At 77, Dap thinks like a historian, relating everything he has made to the musical and cultural movements of the time. He tells Jay how Harlem has evolved, how he's managed to always look forward, and who he sees as this generation's successor to his vision.

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On the music that was his early inspiration

During the sixties, there was a lot of revolution. It was a change in the music industry. You had the sound of Philadelphia and all that... Berry Gordy allowed the musicians to change the platform when he had Martin Gaye saying, "What's going on," you know what I mean? That shift, that philosophical shift for people of color made a big difference for us young guys... James Brown saying, "Say it loud, I'm Black and I'm proud." We don't have that today. We don't have a strong enough voice for that today.

On the FBI raid that shut down the Dapper Dan Boutique

They ended up litigating against me, and they took everything. Had I known all I needed to do was go downstairs in City Hall and examine the records, all I had to do [was] commit to, "Okay, I made a mistake. I'm sorry," and I could have paid the $5,000 fine. As opposed to that, I lost a quarter of a million dollars.

On whether he was angry the luxury houses that came after him started referencing his work in the 2000s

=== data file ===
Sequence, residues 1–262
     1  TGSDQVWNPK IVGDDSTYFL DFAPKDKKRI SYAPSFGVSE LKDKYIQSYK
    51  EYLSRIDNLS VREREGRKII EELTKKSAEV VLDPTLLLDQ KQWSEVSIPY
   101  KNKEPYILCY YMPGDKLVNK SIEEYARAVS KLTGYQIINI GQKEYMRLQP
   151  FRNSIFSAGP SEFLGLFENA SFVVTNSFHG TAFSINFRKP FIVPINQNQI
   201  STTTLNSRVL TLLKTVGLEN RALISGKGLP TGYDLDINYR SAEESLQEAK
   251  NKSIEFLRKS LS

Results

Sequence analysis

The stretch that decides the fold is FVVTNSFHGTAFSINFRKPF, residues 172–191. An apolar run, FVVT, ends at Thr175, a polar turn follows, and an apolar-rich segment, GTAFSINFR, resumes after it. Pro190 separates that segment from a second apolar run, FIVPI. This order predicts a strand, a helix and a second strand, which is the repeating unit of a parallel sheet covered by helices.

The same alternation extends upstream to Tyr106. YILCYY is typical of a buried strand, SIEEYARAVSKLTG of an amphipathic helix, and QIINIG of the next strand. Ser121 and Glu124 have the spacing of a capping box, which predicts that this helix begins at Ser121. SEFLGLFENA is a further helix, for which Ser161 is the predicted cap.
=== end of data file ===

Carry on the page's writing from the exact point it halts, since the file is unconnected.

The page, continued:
Your generation is the generation of expectation. My generation is the generation of, "It may not happen because they [are] blocking us." That's the difference. Y'all can expect [things] to happen because y'all [have] seen things happen. My generation, we didn't see nothing happen, not coming from our level. So your generation, and the generation's expectation, seeing everybody do everything- [you] saw a Black president and all of that- I ain't see that... So all my creative things, I didn't think I was gonna get credit for.

On building a brand that has lasted decades

I never allowed myself to get fixed in a certain identity. Every artist that came to me, and all my clients [that] came to me...I didn't create solely from myself... I looked at their lyrics. I looked at their lifestyle and the message they wanted to bring, and I created from that. So I became every artist. And throughout time, I kept dealing with different artists and representing what they wanted to say and how they wanted to look... So throughout my whole history of creating, I constantly adapted to the artists...So what I like to tell young people is, Dapper Dan does not dictate fashion. He translates culture because all these cultural icons that come along, I give them the look that goes with what they want to do.


For sponsor-free episodes, weekly bonus content, and more, subscribe to The Limits Plus. This week, Dap talks about the wisdom he imparts on Harlem youth today.

Follow Jay on Instagram and Twitter. Email us at thelimits@npr.org.

The Limits is produced by Devan Schwartz, Mano Sundaresan, and Leena Sanzgiri. Our intern is Danielle Soto. Our Executive Producers are Karen Kinney, Veralyn Williams, and Yolanda Sangweni. Our Senior Vice-President of Programming and Audience Development is Anya Grundmann. Music by Ramtin Arablouei. Special thanks to Christina Hardy, Rhudy Correa, and Charla Riggi.